(delay 1); the remaining task phases are considered toward the compare the decay of activity from the preferred quantity across

end of the results. Random presentation of either the nonsym- all neurons tuned to preferred numerosities 1–5, we plotted the

bolic or symbolic format from trial to trial allowed us to investi- normalized firing rates as a function of absolute numerical dis-

gate an individual neuron’s responses to each of the formats tance from the preferred numerosity. For example, the normal-

individually, but also to both formats, in an unbiased way. ized firing rate to numerosity 2 and 4 of a cell tuned to numerosity

3 (3 therefore is absolute numerical distance 0) were plotted at

Single Neurons Encode Nonsymbolic Number absolute numerical distance 1. The pooled function for all selec-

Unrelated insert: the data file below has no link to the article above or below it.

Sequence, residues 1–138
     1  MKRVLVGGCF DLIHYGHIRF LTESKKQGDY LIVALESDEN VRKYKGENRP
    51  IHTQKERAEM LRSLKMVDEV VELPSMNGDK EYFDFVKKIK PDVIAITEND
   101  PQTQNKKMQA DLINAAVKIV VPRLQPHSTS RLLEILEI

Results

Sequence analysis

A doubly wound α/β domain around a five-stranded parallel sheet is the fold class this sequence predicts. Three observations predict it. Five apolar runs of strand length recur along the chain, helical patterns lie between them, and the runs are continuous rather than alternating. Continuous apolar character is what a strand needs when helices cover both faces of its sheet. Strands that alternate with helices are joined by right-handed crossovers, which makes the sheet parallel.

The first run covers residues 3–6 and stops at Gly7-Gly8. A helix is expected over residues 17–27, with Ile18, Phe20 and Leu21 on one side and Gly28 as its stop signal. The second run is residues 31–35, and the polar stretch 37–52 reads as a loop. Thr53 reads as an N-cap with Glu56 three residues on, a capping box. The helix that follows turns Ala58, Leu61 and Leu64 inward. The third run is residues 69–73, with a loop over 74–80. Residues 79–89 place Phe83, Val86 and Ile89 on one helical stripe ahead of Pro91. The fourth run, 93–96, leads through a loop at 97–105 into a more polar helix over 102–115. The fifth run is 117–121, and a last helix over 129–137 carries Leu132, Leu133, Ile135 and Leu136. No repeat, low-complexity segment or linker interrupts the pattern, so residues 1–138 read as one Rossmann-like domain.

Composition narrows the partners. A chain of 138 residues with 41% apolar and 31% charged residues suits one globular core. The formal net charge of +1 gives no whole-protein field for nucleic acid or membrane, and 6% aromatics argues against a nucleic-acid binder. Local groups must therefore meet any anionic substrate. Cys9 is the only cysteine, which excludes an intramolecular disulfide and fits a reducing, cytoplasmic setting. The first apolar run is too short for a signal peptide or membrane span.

When the participants calculated with numerosities (nonsym- tive neurons compared to a function from random tuning curves

bolic format), a substantial proportion of the tested neurons is shown in Figure 4C, left. On average, activity dropped off pro-

(16%; p << 0.001 in binomial test; pchance = 0.01; see also Sup- gressively with numerical distance across all preferred numeros-

plemental Information for verification with shuffled data) showed ities, an effect that is not observed for random tuning curves. This

Figure 3. Neuronal Selectivity of MTL Single Units

Proportions of single units with significant main effects for ‘‘numerical value’’

(NUM: 1–5) or ‘‘protocol’’ (PROT: standard and control) and interactions

(NUM 3 PROT) in a 2-factor ANOVA evaluated at a = 0.01, separately for each

format and MTL region (AMY, amygdala; EC, entorhinal cortex; HIPP, hippo-

campus; PHC, parahippocampal cortex). All analyses refer to exclusively

number-selective (NUM-ONLY) units, i.e., neurons with an effect for numerical

value but no concurrent effects for protocol or interaction. Numbers of sig-